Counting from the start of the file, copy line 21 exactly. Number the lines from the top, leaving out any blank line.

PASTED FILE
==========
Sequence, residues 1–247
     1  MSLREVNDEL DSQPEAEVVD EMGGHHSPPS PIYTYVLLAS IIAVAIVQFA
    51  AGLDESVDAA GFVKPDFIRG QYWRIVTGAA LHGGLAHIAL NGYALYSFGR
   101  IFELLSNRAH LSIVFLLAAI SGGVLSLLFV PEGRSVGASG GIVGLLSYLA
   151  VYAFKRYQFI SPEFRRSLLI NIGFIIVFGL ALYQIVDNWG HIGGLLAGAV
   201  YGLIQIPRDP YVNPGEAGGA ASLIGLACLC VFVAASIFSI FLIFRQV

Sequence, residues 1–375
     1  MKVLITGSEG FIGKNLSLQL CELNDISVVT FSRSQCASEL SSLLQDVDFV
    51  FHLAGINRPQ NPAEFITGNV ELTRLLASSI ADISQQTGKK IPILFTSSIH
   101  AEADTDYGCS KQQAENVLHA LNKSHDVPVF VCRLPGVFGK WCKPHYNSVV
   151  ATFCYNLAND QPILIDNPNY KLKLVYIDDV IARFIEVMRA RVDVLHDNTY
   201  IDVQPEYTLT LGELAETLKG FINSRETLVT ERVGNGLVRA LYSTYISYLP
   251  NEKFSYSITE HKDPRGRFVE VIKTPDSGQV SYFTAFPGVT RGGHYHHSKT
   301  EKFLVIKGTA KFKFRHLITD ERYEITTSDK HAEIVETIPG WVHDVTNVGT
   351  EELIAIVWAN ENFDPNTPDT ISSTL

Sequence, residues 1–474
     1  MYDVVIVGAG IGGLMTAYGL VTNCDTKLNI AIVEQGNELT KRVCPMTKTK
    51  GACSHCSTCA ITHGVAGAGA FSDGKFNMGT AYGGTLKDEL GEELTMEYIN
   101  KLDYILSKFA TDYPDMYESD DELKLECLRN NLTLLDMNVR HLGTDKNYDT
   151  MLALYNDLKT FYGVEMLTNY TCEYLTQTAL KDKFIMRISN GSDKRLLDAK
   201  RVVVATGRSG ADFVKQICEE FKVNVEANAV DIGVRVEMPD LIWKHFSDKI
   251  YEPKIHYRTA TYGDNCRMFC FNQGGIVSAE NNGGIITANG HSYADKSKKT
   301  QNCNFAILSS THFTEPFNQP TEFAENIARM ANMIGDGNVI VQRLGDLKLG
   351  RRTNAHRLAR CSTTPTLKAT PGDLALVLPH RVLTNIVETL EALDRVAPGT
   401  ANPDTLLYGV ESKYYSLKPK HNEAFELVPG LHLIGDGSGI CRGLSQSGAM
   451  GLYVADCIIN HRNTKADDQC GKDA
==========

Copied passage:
   201  RVVVATGRSG ADFVKQICEE FKVNVEANAV DIGVRVEMPD LIWKHFSDKI